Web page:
After almost 100 years, the BBC has cancelled its contract with the Met Office. Since 1922, the Met has provided Auntie (and the nation) with daily meteorological information, occasionally accurate.
However, the broadcaster confirmed on Sunday that the contract would be opened up to foreign competition, with tenders expected from The Netherlands and New Zealand. A replacement provider is expected to be peddling data to the Beeb from 2016 onwards.
The Duchess of Cornwall reads the weather during a tour of the BBC Scotland in 2012. There was a cold front that day...
The cancellation of the contract comes at a time of increased scrutiny for BBC funding, with the Corporation arguing that it has a duty to the British taxpayer to provide the best value for money.
A BBC spokesman said: “Our viewers get the highest standard of weather service and that won’t change. We are legally required to go through an open tender process and take forward strongest bids to make sure we secure both the best possible service and value for money for the licence fee payer.”
The Met Office reacts to news of the cancellation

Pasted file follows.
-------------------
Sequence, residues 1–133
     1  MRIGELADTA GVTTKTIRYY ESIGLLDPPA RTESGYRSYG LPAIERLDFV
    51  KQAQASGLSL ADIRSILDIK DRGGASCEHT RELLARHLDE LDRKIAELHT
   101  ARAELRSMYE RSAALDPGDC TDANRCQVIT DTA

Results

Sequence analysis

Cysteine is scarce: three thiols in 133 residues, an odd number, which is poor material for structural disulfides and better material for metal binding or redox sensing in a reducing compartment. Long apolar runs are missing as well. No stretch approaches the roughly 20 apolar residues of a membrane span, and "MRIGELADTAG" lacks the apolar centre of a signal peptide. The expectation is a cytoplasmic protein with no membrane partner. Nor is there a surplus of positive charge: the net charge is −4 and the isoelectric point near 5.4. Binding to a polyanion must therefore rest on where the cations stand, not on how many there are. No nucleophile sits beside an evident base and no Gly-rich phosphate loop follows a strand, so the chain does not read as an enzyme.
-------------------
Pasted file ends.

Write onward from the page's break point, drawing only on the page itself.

The Met office quickly shot back, with Steve Noyes, Met Office operations and customer services director, lambasting the BBC for its decision. In a statement, he said: “Nobody knows Britain’s weather better and, during our long relationship with the BBC, we’ve revolutionised weather communication to make it an integral part of British daily life."
Noyes added: "This is disappointing news, but we will be working to make sure that vital Met Office advice continues to be a part of BBC output.”
The man Fish making his debut reading the weather in 1974
The BBC is a beloved British institution (unless you read The Daily Mail or The Telegraph), with many posting to Twitter to express their upset at the fracture of the antique agreement. We trawled Twitter to find the most hyperbolic reactions.
Speaking to the Mail on Sunday, Conservative MP Andrew Bridgen said: "Everybody understands the BBC has to cut costs. But the public will need to be convinced the new forecaster can accurately predict the fickleness of the British weather, especially if it's a foreign provider."
Former culture secretary Ben Bradshaw, who once worked for the BBC, demanded the Government intervene. The Labour MP tweeted: "Extremely alarmed by rumours BBC to drop UK Met Office in favour of foreign weather forecaster. Vital 90 year old strategic relationship."
The BBC said it would still use the Met Office for its severe weather warnings.